US President Donald Trump lashed out yesterday at a leading evangelical Christian publication that called him “morally lost and confused” and said he should be removed from office.
Trump, in a series of tweets, accused Christianity Today magazine of being “far left” and claimed that he was the best White House ally that evangelicals have ever had.
“No president has done more for the Evangelical community, and it’s not even close,” Trump wrote.
He said Christianity Today “would rather have a Radical Left nonbeliever, who wants to take your religion & your guns, than Donald Trump as your President.”
In an editorial on Thursday, a day after Trump was impeached by the House of Representatives, Christianity Today said it was “necessary from time to time to make our own opinions on political matters clear”.
“The facts in this instance are unambiguous,” it said in a reference to Trump’s bid to obtain political dirt from Ukraine on his potential 2020 election rival, Democrat Joe Biden.
“The president of the United States attempted to use his political power to coerce a foreign leader to harass and discredit one of the president’s political opponents,” the magazine said. “That is not only a violation of the Constitution; more importantly, it is profoundly immoral.”
Christianity Today was founded by Billy Graham, a prominent Christian evangelist who died last year, but the Graham family is no longer associated with the publication.
Franklin Graham, Billy Graham’s son, is also an influential Christian evangelical leader and a staunch Trump supporter and yesterday he denounced Christianity Today.
“Yes, my father Billy Graham founded Christianity Today; but no, he would not agree with their opinion piece,” Graham said in a Facebook post. “In fact, he would be very disappointed.”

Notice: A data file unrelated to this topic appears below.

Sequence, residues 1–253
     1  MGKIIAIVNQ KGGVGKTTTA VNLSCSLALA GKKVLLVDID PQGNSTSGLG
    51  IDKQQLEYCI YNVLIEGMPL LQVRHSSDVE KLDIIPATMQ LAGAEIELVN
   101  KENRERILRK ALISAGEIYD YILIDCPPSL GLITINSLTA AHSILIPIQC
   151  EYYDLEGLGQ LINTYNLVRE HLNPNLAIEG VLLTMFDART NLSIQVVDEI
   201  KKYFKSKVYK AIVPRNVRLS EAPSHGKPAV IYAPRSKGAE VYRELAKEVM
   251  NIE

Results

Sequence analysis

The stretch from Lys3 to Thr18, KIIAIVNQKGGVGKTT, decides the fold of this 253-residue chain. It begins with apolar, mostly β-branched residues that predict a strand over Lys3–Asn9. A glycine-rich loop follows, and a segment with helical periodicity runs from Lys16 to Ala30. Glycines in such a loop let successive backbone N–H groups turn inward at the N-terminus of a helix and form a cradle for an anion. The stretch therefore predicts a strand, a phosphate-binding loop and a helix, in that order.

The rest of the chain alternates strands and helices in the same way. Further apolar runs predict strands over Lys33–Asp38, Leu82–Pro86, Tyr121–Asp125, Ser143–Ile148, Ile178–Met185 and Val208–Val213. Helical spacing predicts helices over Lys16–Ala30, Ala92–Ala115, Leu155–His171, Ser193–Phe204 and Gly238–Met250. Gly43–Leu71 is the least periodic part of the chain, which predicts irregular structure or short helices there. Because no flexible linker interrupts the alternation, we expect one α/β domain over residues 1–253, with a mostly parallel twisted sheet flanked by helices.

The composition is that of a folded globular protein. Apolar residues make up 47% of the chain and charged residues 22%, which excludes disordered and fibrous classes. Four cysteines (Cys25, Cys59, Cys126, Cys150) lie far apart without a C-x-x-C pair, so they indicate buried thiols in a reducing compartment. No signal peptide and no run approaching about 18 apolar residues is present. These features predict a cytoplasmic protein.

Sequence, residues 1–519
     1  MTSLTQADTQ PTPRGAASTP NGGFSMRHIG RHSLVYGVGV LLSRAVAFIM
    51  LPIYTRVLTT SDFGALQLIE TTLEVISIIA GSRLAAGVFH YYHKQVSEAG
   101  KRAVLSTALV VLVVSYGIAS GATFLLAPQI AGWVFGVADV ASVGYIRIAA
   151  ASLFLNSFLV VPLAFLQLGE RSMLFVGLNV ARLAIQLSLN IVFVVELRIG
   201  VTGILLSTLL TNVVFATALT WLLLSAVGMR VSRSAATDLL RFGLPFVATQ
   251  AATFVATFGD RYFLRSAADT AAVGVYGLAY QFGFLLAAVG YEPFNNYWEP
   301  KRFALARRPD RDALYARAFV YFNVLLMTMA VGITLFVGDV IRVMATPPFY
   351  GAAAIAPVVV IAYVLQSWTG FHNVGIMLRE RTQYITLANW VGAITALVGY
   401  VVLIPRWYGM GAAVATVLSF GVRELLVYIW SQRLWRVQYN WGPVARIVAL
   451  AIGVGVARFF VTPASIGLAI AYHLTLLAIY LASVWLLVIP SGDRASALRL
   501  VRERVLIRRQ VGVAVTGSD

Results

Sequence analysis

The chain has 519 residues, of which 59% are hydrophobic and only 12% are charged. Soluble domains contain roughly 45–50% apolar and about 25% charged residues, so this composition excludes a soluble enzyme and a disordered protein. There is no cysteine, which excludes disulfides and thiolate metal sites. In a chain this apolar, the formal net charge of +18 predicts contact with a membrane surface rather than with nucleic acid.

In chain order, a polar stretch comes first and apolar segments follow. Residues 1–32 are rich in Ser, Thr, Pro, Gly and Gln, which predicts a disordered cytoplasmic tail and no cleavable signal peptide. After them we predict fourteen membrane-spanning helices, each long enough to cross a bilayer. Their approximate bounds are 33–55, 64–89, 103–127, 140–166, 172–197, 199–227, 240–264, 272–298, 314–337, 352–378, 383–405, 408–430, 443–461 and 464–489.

“My father knew Donald Trump, he believed in Donald Trump, and he voted for Donald Trump,” Graham said. “He believed that Donald J Trump was the man for this hour in history for our nation.”
“For Christianity Today to side with the Democrat Party in a totally partisan attack on the President of the United States is unfathomable,” Graham said. “It’s obvious that Christianity Today has moved to the left and is representing the elitist liberal wing of evangelicalism.”
Another prominent evangelical leader, Jerry Falwell Jr, issued a series of tweets in support of the Republican president.
Mark Galli, the editor-in-chief of Christianity Today, which has a circulation of around 130,000, rejected Trump’s assertion that the magazine was “far left”.
“We consider ourselves, and most people consider us, a pretty centrist magazine in the evangelical world,” he told CNN.
Christianity Today said Trump “has admitted to immoral actions in business and his relationship with women, about which he remains proud”.
“His Twitter feed alone – with its habitual string of mischaracterisations, lies, and slanders – is a near-perfect example of a human being who is morally lost and confused,” it said.
The magazine said “Trump’s evangelical supporters have pointed to his Supreme Court nominees, his defence of religious liberty, and his stewardship of the economy, among other things, as achievements that justify their support.
“We believe the impeachment hearings have made it absolutely clear ... that President Trump has abused his authority for personal gain and betrayed his constitutional oath.”
“Can we say with a straight face that abortion is a great evil that cannot be tolerated and, with the same straight face, say that the bent and broken character of our nation’s leader doesn’t really matter in the end?” the magazine asked.
“Whether Mr Trump should be removed from office by the Senate or by popular vote next election – that is a matter of prudential judgment,” it said. “That he should be removed, we believe, is not a matter of partisan loyalties but loyalty to the Creator of the Ten Commandments.”
Trump has enjoyed solid support from white evangelical Christians although a Fox News poll in October found that those backing him had slipped from 81% in the 2016 election to around 70% now.
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